The authors would like to acknowledge the work of Mary Longrigg in the English editing and of A. Carella (Department of Chemistry, University of Naples) in functionalizing the SiO2 substrates by HMDS treatment. Financial support from EU FP7 project MAMA Grant Agreement No. 264098 is gratefully acknowledged.

Conflicts of Interest

The authors declare no conflict of interest.


  1. Bao, Z.; Locklin, J. Organic Field-Effect Transistors; Taylor & Francis: Boca Raton, FL, USA, 2007. [Google Scholar]
  2. Burgi, L.; Richards, T.J.; Friend, R.H.; Sirringhaus, H. Close look at charge carrier injection in polymer field-effect transistors. J. Appl. Phys. 2003, 94, 6129–6137. [Google Scholar]
  3. Shehu, A.; Quiroga, S.D.; DʼAngelo, P.; Albonetti, C.; Borgatti, F.; Scorzoni, A.; Stoliar, P.; Biscarini, F. Layered distribution of charge carriers in organic thin film transitors. Phys. Rev. Lett. 2010, 104, 246602. [Google Scholar] [CrossRef]
  4. Sirringhaus, H. Reliability of organic field-effect transistors. Adv. Mater. 2009, 21, 3859–3873. [Google Scholar] [CrossRef]
  5. Bobbert, P.A.; Sharma, A.; Mathijssen, S.G.J.; Kemerink, M.; de Leuuw, D.M. Operational stability of orgaic field-effect transistors. Adv. Mater. 2012, 24, 1146–1158. [Google Scholar] [CrossRef]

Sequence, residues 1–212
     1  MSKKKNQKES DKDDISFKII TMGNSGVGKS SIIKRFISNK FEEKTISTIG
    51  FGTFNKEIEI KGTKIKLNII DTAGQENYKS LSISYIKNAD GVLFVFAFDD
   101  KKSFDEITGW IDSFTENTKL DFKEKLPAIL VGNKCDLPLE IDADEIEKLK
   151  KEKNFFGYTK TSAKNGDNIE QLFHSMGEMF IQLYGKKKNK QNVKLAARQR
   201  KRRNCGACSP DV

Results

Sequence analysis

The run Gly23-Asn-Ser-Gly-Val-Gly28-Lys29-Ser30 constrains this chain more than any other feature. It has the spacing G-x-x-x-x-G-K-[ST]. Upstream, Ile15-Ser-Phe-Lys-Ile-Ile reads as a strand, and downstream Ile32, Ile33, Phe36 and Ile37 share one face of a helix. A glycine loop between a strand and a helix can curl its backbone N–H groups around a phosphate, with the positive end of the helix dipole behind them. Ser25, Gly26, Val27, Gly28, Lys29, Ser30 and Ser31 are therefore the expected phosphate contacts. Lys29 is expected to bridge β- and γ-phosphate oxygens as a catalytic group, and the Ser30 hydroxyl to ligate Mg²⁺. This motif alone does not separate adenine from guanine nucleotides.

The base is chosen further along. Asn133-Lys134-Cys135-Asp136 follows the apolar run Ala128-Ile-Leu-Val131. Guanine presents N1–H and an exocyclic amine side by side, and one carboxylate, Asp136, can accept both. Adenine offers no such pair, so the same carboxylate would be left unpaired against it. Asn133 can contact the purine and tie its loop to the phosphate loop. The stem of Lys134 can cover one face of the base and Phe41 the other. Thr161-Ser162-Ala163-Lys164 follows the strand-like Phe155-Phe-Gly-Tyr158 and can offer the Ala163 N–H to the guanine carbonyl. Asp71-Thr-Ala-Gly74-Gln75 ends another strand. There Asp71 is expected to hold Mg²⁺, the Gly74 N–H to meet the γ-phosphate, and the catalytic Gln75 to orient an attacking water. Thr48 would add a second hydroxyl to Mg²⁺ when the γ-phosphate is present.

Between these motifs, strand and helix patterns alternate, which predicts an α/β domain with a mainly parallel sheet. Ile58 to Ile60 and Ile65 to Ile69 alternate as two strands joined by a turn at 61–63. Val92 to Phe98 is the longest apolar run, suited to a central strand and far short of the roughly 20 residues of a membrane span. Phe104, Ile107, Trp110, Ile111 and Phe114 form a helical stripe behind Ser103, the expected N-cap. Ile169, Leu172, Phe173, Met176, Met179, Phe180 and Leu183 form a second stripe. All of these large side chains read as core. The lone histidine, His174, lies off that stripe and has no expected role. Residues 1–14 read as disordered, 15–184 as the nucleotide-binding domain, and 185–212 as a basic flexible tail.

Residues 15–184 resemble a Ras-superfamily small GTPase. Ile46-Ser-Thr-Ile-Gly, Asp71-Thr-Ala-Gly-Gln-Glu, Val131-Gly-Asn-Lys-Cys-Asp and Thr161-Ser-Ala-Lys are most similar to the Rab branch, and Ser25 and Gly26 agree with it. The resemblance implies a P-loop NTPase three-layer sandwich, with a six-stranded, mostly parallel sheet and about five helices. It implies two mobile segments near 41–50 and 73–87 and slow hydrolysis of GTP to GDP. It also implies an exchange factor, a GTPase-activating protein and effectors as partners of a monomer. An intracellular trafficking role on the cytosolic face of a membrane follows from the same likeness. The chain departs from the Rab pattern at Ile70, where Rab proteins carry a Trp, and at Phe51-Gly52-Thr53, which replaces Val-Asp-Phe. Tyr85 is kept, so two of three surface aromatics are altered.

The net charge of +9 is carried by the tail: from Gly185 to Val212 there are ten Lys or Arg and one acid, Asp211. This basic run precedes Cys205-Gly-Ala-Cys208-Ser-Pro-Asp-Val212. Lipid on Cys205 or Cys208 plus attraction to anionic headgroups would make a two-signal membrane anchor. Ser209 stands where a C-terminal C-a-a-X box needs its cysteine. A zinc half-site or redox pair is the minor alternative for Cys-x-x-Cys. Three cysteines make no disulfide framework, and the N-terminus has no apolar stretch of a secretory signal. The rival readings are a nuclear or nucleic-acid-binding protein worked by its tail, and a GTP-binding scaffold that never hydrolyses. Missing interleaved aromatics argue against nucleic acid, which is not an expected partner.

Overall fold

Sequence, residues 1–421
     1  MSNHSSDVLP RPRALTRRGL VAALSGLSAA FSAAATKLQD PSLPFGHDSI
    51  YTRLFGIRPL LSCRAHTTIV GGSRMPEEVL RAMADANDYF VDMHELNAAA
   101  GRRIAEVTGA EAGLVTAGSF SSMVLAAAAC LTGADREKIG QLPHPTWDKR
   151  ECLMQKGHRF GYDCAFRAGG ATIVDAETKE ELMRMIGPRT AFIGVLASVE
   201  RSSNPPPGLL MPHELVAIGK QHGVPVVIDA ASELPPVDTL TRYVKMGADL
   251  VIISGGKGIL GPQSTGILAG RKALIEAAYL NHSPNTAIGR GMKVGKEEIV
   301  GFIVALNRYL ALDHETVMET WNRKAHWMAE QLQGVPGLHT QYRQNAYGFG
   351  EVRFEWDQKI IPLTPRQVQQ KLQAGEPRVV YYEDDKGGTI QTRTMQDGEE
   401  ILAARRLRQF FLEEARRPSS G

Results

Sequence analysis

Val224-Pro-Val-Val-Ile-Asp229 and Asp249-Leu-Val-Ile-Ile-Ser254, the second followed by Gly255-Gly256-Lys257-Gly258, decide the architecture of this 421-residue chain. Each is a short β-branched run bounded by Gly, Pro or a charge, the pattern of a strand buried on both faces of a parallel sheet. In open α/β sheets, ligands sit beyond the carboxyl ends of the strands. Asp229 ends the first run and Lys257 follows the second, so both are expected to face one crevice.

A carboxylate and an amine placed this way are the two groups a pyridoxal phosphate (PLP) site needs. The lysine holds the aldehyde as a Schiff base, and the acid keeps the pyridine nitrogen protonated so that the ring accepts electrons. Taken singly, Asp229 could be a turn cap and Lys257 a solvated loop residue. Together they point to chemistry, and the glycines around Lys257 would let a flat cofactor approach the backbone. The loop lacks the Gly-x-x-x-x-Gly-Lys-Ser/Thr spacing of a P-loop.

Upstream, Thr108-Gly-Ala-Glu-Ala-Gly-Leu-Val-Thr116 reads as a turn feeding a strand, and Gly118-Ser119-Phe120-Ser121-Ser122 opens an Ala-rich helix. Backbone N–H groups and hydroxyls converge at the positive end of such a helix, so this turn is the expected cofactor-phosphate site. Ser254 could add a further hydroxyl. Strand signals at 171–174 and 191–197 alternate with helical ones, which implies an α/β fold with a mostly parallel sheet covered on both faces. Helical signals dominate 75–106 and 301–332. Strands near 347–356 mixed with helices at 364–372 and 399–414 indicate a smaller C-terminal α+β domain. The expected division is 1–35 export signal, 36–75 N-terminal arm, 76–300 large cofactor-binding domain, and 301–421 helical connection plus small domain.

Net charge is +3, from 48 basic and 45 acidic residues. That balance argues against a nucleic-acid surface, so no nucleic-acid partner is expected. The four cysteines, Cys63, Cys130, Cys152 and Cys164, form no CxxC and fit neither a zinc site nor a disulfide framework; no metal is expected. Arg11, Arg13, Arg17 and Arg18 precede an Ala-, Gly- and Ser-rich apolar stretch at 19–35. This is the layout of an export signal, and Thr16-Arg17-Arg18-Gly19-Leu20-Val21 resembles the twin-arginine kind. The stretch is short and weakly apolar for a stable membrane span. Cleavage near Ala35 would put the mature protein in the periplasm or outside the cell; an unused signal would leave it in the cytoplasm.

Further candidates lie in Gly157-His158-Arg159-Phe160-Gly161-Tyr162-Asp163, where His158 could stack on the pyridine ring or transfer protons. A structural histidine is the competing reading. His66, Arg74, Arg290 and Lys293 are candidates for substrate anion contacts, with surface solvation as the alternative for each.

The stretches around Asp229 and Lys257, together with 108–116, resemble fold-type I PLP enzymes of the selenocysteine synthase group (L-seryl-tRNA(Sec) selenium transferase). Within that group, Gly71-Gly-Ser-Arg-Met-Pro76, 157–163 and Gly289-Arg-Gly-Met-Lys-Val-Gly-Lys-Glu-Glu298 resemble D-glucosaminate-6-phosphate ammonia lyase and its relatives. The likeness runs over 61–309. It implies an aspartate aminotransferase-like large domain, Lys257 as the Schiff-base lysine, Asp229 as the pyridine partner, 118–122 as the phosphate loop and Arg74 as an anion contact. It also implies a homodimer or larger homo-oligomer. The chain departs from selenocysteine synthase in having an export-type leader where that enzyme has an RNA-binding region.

6. Palermo, V.; Palma, M.; Samori, P. Electronic characterization of organic thin films by Kelvin probe force microscopy. Adv. Mater. 2005, 18, 145–164. [Google Scholar] [CrossRef]
  7. Hallam, T.; Lee, M.J.; Zhao, N.; Nandhakumar, I.; Kemerink, M.; Heeney, M.; McCulloch, I.; Sirringhaus, H. Local charge trapping in conjugated polymers resolved by scanning Kelvin probe microscopy. Phys. Rev. Lett. 2009, 103, 256803. [Google Scholar] [CrossRef]
  8. Mathijssen, S.G.J.; Kemerink, M.; Sharma, A.; Colle, M.; Bobbert, P.; Janssen, R.A.J.; de Leeuw, D.M. Charge trapping at the dielectric of organic transistors visualized in real time and space. Adv. Mater. 2008, 20, 975–979. [Google Scholar] [CrossRef]
  9. Ng, T.N.; Silveira, W.R.; Marohn, J.A. Dependence of charge injection on temperature, electric field, and energetic disorder in an organic semiconductor. Phys. Rev. Lett. 2007, 98, 066101. [Google Scholar] [CrossRef]
  10. Afsharimani, N.; Nysten, B. Electronic properties of dioctylterthiophene-based organic thin-film transistors: A Kelvin probe force microscopy study. Thin Solid Films 2013, 536, 295–301. [Google Scholar] [CrossRef]
  11. Matyba, P.; Maturova, K.; Kemerink, M.; Robinson, N.D.; Edman, L. The dynamic organic p–n junction. Nat. Mater. 2009, 8, 672. [Google Scholar] [CrossRef]